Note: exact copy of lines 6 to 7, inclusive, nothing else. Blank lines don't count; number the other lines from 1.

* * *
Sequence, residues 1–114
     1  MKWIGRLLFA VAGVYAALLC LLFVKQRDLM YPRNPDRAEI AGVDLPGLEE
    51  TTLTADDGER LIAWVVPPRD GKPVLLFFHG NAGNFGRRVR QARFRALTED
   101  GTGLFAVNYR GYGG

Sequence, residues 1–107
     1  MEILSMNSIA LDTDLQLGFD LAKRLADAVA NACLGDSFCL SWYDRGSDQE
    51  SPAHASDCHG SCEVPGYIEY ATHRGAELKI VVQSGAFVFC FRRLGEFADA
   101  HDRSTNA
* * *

     1  MEILSMNSIA LDTDLQLGFD LAKRLADAVA NACLGDSFCL SWYDRGSDQE
    51  SPAHASDCHG SCEVPGYIEY ATHRGAELKI VVQSGAFVFC FRRLGEFADA